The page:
Wednesday, May 6th, 2015. Aaron Humes Reporting: The original date for the referendum on settling the unfounded Guatemalan claim to Belize at the International Court of Justice (ICJ) in The Hague, Netherlands, has come and gone and the Referendum Commission practically moribund.
At the time of the launch of the referendum campaign the People’s United Party (PUP) refused to take a public position pending internal consultations. While there is still a formal position paper to be written, the party says it will accept a referendum on the issue but will ask its supporters to say no.
PUP Leader Francis Fonseca says the party believes most Belizeans are in support of this view because there are still many questions to be answered.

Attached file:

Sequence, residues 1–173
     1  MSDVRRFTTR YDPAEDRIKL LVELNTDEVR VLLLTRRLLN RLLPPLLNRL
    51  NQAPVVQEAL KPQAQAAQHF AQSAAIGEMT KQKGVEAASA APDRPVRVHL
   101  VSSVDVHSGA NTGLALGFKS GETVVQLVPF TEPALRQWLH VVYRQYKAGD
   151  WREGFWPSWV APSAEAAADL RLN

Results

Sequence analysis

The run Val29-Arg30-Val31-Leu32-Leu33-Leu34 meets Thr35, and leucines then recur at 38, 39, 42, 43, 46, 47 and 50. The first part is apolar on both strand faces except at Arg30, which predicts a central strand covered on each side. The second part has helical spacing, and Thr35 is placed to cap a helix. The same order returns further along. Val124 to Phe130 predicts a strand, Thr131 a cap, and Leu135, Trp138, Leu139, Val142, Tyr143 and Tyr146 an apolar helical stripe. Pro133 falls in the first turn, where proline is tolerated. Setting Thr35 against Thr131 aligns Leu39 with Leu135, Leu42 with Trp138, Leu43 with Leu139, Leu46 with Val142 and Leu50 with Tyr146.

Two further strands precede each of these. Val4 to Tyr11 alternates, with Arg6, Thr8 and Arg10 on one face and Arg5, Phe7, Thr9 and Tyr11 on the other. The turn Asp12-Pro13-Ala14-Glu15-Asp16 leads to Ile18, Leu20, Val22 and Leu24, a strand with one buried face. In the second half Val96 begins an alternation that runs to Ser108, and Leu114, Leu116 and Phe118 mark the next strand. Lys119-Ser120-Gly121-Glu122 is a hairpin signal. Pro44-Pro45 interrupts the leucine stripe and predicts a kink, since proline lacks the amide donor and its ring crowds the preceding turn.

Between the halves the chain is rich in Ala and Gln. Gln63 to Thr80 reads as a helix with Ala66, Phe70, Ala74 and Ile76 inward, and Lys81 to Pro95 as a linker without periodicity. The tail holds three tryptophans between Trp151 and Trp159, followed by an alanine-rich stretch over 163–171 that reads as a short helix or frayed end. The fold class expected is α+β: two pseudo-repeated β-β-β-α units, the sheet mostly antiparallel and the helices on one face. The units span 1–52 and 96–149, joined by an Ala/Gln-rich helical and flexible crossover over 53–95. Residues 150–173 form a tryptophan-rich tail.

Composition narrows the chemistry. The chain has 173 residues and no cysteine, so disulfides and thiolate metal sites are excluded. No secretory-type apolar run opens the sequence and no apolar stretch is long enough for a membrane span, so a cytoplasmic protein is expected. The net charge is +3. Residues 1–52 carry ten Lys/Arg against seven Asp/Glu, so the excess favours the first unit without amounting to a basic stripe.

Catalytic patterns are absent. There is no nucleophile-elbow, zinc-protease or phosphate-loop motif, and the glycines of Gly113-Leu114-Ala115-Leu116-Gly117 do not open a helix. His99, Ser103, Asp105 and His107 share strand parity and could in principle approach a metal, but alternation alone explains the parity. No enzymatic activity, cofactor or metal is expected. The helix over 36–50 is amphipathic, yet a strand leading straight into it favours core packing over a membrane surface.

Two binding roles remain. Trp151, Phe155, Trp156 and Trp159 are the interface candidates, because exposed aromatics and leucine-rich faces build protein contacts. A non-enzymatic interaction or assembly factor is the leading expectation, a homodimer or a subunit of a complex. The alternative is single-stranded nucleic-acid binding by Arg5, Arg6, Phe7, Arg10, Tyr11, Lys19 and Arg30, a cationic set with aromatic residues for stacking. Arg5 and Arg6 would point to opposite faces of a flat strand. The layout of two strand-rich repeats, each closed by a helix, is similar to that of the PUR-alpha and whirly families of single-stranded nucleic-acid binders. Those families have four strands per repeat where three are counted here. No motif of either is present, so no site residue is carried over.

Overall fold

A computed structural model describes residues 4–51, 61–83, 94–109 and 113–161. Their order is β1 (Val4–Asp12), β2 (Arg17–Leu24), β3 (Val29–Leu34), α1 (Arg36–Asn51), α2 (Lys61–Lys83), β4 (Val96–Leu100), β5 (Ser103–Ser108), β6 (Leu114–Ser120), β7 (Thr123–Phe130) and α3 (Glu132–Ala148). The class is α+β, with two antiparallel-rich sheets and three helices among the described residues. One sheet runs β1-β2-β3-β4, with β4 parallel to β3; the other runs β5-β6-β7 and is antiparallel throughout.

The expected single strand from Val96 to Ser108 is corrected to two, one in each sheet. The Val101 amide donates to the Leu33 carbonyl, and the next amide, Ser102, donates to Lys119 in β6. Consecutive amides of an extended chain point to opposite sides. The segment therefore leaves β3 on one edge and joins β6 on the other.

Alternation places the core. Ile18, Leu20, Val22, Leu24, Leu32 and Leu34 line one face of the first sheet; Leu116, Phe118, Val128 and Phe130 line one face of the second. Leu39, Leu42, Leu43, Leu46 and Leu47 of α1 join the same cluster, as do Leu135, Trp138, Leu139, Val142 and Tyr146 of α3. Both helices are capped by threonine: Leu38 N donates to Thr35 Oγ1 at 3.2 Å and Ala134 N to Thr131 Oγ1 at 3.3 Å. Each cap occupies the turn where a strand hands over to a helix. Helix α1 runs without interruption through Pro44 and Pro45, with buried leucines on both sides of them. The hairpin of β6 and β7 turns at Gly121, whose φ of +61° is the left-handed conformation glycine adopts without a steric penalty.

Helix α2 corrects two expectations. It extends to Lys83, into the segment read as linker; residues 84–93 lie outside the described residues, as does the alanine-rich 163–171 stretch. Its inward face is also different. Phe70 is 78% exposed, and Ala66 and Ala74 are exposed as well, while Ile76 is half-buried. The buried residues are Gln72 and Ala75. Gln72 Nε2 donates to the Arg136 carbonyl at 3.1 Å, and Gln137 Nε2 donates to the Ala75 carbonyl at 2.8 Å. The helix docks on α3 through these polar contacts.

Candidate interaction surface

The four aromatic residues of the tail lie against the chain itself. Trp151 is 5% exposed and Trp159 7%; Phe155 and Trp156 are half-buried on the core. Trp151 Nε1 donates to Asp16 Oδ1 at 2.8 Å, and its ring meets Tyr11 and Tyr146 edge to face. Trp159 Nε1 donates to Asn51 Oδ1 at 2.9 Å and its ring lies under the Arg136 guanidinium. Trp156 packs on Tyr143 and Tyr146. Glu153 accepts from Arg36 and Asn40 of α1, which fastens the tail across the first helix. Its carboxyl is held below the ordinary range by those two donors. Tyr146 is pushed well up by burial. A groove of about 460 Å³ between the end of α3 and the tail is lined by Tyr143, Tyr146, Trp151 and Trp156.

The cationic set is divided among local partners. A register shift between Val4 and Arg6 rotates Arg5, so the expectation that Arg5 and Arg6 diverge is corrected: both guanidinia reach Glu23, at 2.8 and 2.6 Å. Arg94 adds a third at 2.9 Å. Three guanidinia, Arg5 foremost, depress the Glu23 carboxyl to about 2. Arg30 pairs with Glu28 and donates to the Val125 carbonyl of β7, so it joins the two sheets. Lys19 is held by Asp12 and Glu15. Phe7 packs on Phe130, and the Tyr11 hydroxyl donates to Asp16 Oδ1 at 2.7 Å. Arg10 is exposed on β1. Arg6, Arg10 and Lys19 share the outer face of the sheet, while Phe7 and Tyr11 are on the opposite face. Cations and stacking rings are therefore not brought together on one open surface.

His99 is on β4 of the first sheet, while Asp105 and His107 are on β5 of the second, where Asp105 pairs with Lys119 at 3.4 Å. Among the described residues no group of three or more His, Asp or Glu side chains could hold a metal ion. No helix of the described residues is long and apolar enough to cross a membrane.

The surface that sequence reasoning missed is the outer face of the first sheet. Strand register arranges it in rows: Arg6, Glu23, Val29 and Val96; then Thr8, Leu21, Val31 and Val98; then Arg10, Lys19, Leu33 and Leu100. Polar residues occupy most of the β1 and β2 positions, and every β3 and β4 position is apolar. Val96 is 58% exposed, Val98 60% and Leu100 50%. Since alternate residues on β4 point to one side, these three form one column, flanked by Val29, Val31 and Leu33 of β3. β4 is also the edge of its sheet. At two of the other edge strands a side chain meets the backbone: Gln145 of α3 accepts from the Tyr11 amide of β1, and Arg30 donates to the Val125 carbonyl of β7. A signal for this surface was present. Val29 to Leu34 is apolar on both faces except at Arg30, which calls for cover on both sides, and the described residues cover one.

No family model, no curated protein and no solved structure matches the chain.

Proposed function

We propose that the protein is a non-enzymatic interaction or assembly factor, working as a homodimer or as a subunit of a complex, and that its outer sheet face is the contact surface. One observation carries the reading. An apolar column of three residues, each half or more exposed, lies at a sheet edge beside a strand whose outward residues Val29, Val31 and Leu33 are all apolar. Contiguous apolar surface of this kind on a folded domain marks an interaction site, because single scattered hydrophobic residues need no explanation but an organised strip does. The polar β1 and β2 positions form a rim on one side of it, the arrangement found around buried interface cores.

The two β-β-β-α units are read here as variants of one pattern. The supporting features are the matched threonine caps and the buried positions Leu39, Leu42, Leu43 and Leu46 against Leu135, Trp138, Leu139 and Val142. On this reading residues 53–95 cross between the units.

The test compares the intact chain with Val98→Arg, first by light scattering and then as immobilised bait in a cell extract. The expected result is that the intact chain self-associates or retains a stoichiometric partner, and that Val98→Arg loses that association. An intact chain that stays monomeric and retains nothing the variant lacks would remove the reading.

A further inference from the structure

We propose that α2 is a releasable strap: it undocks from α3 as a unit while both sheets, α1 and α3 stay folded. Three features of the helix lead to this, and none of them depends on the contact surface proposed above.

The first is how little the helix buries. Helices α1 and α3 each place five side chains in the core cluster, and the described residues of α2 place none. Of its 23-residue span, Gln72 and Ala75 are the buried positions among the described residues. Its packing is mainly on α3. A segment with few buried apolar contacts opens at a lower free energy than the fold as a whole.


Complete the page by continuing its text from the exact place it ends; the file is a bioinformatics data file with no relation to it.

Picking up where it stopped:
Part of the PUP’s misgivings, according to former Foreign Affairs Minister and party advisor Eamon Courtenay, is that the party – and in their view, Belizeans – have no confidence in Attorney General and current Foreign Affairs Minister Wilfred “Sedi” Elrington, who has questioned Belize’s “artificial” territorial borders with Guatemala and advocated working directly with the Guatemalans to end the claim.
Courtenay, however, argues that Belize should extract certain promises from Guatemala, who has a track record of not following through on its commitments where Belize is concerned. It should demand an end to incursions and settlements in Belizean territory and establish how the court’s decision will be implemented.
Guatemala eventually dropped out of the referendum process but the two countries recently signed multiple bilateral agreements.
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